Do you want to make more of a small garden? Are you longing to have something attractive to look at? Would you like to create a beautiful space where your children can play safely? If any or all of these longings apply to you, we are here to help.
In this short article, we are going to give you some great tips and ideas regarding how to landscape a small garden. It needn’t be overly expensive, but it will involve some elbow grease, though not necessarily as much as you might think. Just sit back, relax, and read on.
Start with a Little Research
You’ve already arrived at the best place to start, by taking time out to read this article. But to give you a good idea of what is achievable, have a look at a few small garden landscape websites. A good one to begin with is the House and Garden website. Another useful one for ideas is the Better Homes and Gardens website.
First Things to Take into Consideration
Having looked through the suggested websites, your mind is probably racing away with possibilities, so let’s bring a little semblance of order into the situation. What things do you need to consider? Think about:
- Boundaries – Fences, hedges, and walls
- Lawned areas and borders
- Outbuildings and décor/lighting
- Outdoor furniture
- Paths, patios, and barbecue areas, or firepits
- Types of plant categories – Border plants, potted plants, shrubs, and trees
- Water features
- Zoning – Breaking up the area intermingling a play space, shaded seating, etc.
There are so many angles to consider. It’s hugely exciting, but don’t let it overwhelm you.
Back to Basics
Whatever you hope to do in terms of landscaping is going to be determined by the size and shape of the plot. You also need to take the aspect into account and how it works with regard to the property it is attached to and its immediate surroundings.
Is it going to be a formal or informal garden? A more formal garden would be tidy, and its design would incorporate straight lines and defined hedges. Informal designs would be more relaxed, based on curves and a freer style of planting.
Garden Landscape Design Software
Having a final picture in your mind is essential, but don’t forget that as the seasons progress, the plants will change. There are some free garden design software packages available. Take a quick look at the Saga website, which reviews several different programs. You might find one of them a great help in your visualisation process.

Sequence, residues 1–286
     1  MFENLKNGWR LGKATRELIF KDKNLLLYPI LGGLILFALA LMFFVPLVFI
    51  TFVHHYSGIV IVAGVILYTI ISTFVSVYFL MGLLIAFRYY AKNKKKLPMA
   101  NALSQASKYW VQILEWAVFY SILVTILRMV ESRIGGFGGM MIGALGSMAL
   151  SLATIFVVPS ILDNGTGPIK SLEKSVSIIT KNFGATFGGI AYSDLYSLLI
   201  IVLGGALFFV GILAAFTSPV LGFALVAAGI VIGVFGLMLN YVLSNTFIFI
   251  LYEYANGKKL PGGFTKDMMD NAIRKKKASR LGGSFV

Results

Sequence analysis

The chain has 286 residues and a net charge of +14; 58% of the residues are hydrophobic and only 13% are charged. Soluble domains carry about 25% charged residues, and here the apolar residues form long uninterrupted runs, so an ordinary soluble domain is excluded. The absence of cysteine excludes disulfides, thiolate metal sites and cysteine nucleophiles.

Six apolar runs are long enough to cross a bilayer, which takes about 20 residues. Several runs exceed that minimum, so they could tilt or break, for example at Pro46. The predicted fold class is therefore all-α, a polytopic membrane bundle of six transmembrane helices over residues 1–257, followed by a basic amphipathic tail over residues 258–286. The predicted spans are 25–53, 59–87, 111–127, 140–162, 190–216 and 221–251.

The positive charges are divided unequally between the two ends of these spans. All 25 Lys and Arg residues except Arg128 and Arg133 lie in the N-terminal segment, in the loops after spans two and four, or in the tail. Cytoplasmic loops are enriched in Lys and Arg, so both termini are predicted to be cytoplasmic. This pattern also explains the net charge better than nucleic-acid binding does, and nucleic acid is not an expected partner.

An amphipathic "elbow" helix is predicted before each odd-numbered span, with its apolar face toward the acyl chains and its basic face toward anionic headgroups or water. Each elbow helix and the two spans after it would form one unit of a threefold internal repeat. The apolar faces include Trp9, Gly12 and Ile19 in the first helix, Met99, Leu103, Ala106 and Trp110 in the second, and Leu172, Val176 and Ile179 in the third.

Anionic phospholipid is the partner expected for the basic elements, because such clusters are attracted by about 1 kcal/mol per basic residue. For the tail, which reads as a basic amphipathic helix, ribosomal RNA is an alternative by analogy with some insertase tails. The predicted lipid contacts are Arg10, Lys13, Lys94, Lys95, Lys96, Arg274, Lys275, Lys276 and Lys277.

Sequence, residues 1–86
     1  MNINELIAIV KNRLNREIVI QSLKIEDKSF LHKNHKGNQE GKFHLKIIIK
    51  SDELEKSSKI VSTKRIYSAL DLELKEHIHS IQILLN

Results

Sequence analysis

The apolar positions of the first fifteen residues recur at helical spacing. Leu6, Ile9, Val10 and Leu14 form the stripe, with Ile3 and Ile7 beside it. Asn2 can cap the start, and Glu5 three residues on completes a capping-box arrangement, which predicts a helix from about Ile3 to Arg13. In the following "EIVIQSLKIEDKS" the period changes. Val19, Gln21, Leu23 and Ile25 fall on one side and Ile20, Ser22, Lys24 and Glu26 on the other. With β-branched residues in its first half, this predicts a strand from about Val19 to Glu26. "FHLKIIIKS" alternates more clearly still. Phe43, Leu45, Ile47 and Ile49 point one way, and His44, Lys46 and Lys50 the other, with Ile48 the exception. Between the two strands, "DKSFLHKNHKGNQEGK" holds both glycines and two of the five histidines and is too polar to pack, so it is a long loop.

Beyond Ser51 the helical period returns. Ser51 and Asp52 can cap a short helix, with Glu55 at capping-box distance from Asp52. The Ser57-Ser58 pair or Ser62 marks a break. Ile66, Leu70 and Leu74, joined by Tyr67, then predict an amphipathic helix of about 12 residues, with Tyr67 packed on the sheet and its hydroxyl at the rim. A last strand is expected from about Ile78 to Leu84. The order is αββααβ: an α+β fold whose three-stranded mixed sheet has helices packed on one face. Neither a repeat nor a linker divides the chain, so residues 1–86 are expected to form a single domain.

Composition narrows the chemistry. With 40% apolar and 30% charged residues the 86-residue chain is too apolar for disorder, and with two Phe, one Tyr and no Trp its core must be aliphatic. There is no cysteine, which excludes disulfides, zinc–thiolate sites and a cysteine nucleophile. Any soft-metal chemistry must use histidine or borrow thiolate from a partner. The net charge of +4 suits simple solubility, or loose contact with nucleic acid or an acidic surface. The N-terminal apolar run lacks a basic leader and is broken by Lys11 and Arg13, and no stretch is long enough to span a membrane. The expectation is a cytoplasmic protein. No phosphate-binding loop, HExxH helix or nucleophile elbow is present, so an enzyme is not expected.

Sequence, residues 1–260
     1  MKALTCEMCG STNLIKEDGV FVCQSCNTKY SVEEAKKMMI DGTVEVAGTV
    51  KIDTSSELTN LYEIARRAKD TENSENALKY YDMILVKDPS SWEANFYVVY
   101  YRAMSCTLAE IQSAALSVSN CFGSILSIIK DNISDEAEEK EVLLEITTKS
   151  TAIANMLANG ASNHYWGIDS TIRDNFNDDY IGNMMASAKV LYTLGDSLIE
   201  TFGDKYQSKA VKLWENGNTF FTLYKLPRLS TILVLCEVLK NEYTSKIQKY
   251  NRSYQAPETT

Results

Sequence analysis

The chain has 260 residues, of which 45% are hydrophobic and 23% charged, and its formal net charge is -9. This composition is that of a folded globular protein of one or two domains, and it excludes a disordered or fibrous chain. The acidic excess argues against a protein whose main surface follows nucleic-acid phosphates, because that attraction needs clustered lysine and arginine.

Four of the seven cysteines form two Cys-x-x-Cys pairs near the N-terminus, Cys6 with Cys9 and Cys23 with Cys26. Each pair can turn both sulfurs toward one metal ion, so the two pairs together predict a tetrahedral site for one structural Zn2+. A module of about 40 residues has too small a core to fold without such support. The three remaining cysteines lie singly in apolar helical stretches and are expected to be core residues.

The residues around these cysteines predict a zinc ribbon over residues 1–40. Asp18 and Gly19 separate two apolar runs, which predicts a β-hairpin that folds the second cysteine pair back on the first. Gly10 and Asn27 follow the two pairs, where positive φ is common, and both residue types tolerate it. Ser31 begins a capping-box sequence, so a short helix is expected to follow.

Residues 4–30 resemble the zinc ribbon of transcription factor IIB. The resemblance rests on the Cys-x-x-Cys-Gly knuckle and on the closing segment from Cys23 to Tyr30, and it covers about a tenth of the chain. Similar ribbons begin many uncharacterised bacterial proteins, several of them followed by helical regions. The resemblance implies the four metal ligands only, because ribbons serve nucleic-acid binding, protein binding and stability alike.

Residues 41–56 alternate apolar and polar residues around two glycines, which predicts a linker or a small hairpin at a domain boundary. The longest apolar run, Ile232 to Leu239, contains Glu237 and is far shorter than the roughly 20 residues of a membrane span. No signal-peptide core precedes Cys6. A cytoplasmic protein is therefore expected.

Merging Your House and Your Garden
The Spruce website has some nice ideas on small garden landscaping, and one is merging the view of the house and the garden in fusion. The photo shows how the owners have made best use of the lovely architectural features of their property, and even though the garden is relatively new, with the careful choice and positioning of the plants, they have managed to make the area look established and richly abundant.
The Potted Plant Garden
If you have a really small garden space, an array of potted plants can look very impressive. Shot 1 of the slideshow on the Good Housekeeping.com website illustrates this type of garden perfectly. The clever use of decking and the raised section provided courtesy of a couple of wooden pallets gives the garden height, and the choice of garden furniture is perfect and sets the whole thing off very nicely.
The Illuminated Pathway Garden
Still on the Good Housekeeping website, if you move on to slide 19 of 20, you’ll see a nice shot of an illuminated pathway garden. It’s beautifully romantic and makes use of solar lights so as not to waste any electricity. For best effect, they do need to be placed reasonably close together, say every 3 to 6 feet.
The nice choice of paving stones, together with the light thrown onto the plants,makes for a delightful, relaxing scene.
The Practical yet Beautiful Small Garden
When your garden space is smaller, you need to make it work that much harder. Photo two on the Ideal Home website is a great example. The garden portrayed here has three distinct areas, each with its own individual purpose.
There is a patio for enjoying the morning sunshine, and a central seating area for socialising with friends and family. They’ve even incorporated a water-feature towards the end of the garden behind which a garden shed is positioned. It’s busy, well defined, and beautiful.
The Living Wall
Another great use of limited space is the living wall, an example of which can be seen in photo seven still on the ideal home website. By utilising vertical wall space to hang a few pot plants carefully placed, you can add interest and colour to the smallest of gardens, all you need are some horizontal fence panels or the side of the shed, and you’re in business.
It can turn the drabbest of areas into something quite lovely. This type of idea can also be used to brighten up the side of a balcony.
A great variation of this idea is the “A” frame shown in photo 18.
The Courtyard Corner
The last idea we highlight here in this article is the courtyard corner shown in photo 19. It’s an excellent way of making social use of limited space in city townhouses etc. As well as being practical, it also helps to distract attention away from what would otherwise be dreary walls.
Browse on but Don’t Forget About Irrigation
There are plenty of other ideas you can take by browsing through the websites we have mentioned. But spare a thought for how you will irrigate your small garden. Drip irrigation is perfect. It’s efficient and it’senvironmentally friendly, and if you bear it in mind as you put your design together, it will be simple to install.